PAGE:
Jamie Finn meeting fans after the Ireland-Sweden game. Laszlo Geczo/INPHO

Ireland and Birmingham star Jamie Finn reaping rewards of full-time football

The 23-year-old is on an upward trajectory for club and country.

THE MORNING AFTER the night before, and everyone is feeling the after-effects.

Jamie Finn sums it up: the Republic of Ireland women’s national team “put in a real shift” against heavyweights Sweden, the side currently second in Fifa’s rankings, in their opening 2023 World Cup qualifier. The Girls In Green, on the contrary, are ranked 33rd and are yet to reach a major tournament.

The Birmingham City star is speaking from the squad’s base at the Castleknock Hotel, before their Saturday departure to Helsinki. The focus has already switched to Tuesday’s crucial clash with Group A’s second seeds, Finland, but Finn takes a moment to capture the overriding emotion of the group in Dublin 15 after the 1-0 defeat.

“We’re all proud of each other, I think we did show that we can compete against top opposition,” she begins.

“They’re second in the world and we really put it up to them, so we have to take the positives out of that and bring that forward. Not just leave it there last night against Sweden, bring it forward to Finland and hopefully get the three points.”

The 23-year-old operated in a right-back role for the first time for Vera Pauw’s side, usually patrolling the middle. But it wasn’t too far out of position, given she played there when she was younger and sometimes slots into the position at the Blues.

She’s keen not to get too carried away, but takes great confidence from the fact that Ireland were pushing for an equaliser down the home straight against such a high calibre  opposition, rather than sitting back to keep it at 1-0.

Pauw said afterwards that if Ireland play like that right through the campaign, they will reach the 2023 World Cup in Australia and New Zealand. While Finn didn’t give away a whole pile on that early on in the conversation, she later said it was certainly attainable to make it.

“You have to believe that you will and hopefully we get there,” the Swords native smiled, with family in Perth, so visiting them for football would be an extra bonus.

jamie-finn Finn on the ball for Ireland, facing Sweden. Laszlo Geczo / INPHO Laszlo Geczo / INPHO / INPHO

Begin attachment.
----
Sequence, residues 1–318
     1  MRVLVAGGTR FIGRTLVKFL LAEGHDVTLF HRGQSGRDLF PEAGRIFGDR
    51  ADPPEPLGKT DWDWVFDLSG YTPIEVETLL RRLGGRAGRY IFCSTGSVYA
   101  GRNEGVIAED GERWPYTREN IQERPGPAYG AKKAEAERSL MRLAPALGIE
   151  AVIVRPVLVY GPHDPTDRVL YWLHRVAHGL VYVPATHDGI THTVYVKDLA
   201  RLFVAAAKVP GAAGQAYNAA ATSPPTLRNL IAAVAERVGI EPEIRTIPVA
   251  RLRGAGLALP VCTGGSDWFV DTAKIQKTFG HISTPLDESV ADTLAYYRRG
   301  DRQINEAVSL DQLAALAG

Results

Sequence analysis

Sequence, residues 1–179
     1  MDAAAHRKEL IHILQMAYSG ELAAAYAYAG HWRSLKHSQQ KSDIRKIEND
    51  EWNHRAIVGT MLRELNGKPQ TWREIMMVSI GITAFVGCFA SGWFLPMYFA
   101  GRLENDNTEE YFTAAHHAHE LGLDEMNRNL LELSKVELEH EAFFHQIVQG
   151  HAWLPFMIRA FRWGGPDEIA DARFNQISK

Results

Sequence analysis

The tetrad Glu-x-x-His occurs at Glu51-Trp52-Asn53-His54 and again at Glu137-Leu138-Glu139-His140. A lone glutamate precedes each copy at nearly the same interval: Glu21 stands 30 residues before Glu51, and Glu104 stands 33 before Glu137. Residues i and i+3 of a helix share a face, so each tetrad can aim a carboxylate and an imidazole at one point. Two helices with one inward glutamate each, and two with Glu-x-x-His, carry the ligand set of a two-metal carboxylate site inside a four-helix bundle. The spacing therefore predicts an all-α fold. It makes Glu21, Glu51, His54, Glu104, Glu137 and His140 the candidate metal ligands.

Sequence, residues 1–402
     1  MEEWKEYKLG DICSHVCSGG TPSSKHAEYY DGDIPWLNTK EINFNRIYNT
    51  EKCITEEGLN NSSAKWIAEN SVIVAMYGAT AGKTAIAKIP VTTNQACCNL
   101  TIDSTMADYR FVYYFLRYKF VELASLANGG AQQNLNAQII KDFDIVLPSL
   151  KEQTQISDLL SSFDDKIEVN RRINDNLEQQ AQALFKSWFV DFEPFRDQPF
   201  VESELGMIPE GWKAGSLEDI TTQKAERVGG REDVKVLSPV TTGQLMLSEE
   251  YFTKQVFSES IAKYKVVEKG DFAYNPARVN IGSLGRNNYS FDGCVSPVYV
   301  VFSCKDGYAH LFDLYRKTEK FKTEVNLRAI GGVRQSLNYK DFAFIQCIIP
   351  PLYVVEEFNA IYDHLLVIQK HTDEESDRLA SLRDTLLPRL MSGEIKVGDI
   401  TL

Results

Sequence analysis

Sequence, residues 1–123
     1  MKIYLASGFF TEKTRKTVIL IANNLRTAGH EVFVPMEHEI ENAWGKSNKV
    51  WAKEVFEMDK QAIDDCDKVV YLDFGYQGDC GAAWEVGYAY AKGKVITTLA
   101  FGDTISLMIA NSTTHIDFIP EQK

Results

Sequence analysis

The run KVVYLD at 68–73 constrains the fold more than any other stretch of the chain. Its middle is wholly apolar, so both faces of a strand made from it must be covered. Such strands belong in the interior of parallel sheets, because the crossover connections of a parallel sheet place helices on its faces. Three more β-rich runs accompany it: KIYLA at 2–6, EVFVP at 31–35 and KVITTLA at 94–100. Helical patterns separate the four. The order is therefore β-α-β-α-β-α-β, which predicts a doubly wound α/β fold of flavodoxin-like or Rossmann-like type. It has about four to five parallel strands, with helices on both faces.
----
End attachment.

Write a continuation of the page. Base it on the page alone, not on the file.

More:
With the race already heating up for second spot, and that coveted play-off spot, Tuesday’s tussle with Finland is likely to be vital. This game was always bigger than Sweden, after all.

“I suppose,” Finn says. “But we played well last night, at times we got the ball down and played, and showed that we can play, whether it’s Sweden or Finland, we’ll take confidence in that performance of knowing that we can play against top opposition and put it up to them.

“We’ll look to get the three points. I think you go into every game hoping that you get a result. We will bring the performance from Sweden into that game and be confident that we can get a result and hopefully by the end of it, we do. We need that confidence and belief that we can go out and do it.”

On an individual level, Finn has been finding that of late after her summer switch from Shelbourne to Birmingham City. There, she’s part of a seven-strong Irish contingent, and lives with former Shels team-mate Emily Whelan.

“It’s been good, obviously it’s a professional life so adapting to it. Playing tough opposition every single week and that’s what I wanted to improve and improve my own game.

“Being in the WSL, one of the best leagues around at the moment, instantly attracted me to Birmingham. And obviously a lot of Irish, from the team here, are there, so that always helps in the transition to a new club. Scott [Booth] is a great manager too, there is a lot of things that drew me to the move. But all going well so far so hopefully that will continue.”

It was always an ambition to cross the water; just a matter of when and where: “I was playing for Shels literally all my life but I always knew I wanted to go.”

west-ham-united-v-birmingham-city-fa-womens-super-league-chigwell-construction-stadium Facing West Ham with Birmingham City. PA PA

Having worked as a personal trainer at ALSAA gym before her move, Finn has understandably enjoyed the 100% concentration on, and commitment to, her sport.

“It’s nice just to have football to focus on, going training and I don’t have to worry about going to work and stuff like that, that’s nice in that way. Put everything into football and concentrate on that. I would have been on my feet a lot in work, and going staight to training afterwards. But I’m adapting well and hopefully that will continue.”

Full-time football seems to be really suiting her. Having just won her seventh Ireland cap, Finn has enjoyed a real upward trajectory on the international scene of late. Over the last while, she has gone from a squad player to a regular starter.

Her significant progress and notable improvements over the last year or so are clear to see, and Finn vows to keep it going.

“Obviously training full-time and in the WSL, one of the biggest leagues in the world at the moment, I’ll be improving,” she concludes, “it will take time as well. A new team and a new environment but I can see improvements and hopefully there are more to come as the season goes on.

“I come into every [Ireland] camp with the same kind of mentality that I have to work hard whether I was in the team the last camp or not. I don’t think my mentality changes and always give 100% and hopefully come matchday, I’m on the team sheet.

“I wouldn’t ever take it for granted that my name is just on it. I would just come in and give whatever I can and get an opportunity to be on the pitch.”


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